Civic rivalry in the Northern Powerhouse

This issue of northern civic identity has come up courtesy of the Prime Minister’s ‘joke’:

We just thought people in Yorkshire hated everyone else – we didn’t realise they hated each other so much.

The issue being that the difference of opinion between different civic bodies as to the correct structure for devolution.  Within the ‘northern powerhouse’ there are excellent models of academic cooperation to contrast with this.  However, it hasn’t always been straightforward.

The founding of the civic universities was closely linked with the civic interests of the major cities.  Manchester had a head start with Owens College, but when it asked that this be raised to a University, there was a reaction from other towns and cities, and a federal university was created.  The Victoria University only had Owens as a member, but Liverpool’s new University College was admitted soon.  In Leeds, the Yorkshire College of Science had to broaden its curriculum into arts before it could be admitted.

It was Joseph Chamberlain who indirectly broke up this trans-Pennine collaboration when he obtained University title for Birmingham. Civic pride in Liverpool demanded their own university, and they petitioned to break up the Victoria University. Owens College was content with that, but the Yorkshire College was not. It raised counter-petitions and the Privy Council convened a special committee to hear the case for and against. It was decided that the federal university should be split.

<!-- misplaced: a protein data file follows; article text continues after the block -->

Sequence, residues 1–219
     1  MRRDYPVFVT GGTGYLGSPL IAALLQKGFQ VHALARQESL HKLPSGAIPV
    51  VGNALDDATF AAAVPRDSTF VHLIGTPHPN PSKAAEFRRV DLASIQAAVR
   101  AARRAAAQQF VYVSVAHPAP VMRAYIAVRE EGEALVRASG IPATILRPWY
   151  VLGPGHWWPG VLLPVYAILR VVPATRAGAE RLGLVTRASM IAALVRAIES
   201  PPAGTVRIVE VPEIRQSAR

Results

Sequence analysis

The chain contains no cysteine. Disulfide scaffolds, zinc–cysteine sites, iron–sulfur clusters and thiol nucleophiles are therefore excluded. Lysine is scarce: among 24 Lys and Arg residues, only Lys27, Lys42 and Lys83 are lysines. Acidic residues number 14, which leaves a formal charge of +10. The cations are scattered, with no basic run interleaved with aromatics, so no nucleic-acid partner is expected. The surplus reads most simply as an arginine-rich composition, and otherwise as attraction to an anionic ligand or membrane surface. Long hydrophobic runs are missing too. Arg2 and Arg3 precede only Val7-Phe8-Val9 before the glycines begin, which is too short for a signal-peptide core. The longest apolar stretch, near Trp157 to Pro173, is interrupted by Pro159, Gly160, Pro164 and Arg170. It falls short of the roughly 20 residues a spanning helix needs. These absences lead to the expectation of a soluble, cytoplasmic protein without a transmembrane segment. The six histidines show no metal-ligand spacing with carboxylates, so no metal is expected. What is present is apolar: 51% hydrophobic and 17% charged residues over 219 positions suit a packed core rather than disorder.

The college in Leeds, having argued strongly for the benefits of a federal university, was given the option of creating a new federal university – an unwelcome concession. They wanted to retain the Yorkshire title, but its county-wide scope lent itself to the argument that they should allow other colleges to federate. Sheffield had such a college, and others towns such as Hull wanted to develop them.

The matter went back to the Privy Council – this time the competitive petitions were from Leeds and Sheffield. The members gave Leeds’ arguments short shrift. The file shows how the Clerk collated responses – and the copy of Lord Rosebery’s letter gives the sense of their frustration.


The Yorkshire University was doomed. The Privy Council calmly amended the draft charter from ‘Yorkshire’ to ‘Leeds’ and rapidly afterwards Sheffield had a charter too.

However, there was an outcome of these discussions – each of the new universities had a clause inserted in their charters that they had to consult each other about new courses to avoid unhelpful competition and they had to share membership of their Courts.  So, as the new civic universities embarked on their separate corporate existences, they were mandated by government to collaborate.  Different times.


One thought on “Civic rivalry in the Northern Powerhouse

  1. Pingback: New Providers, New Analogy | moremeansbetter

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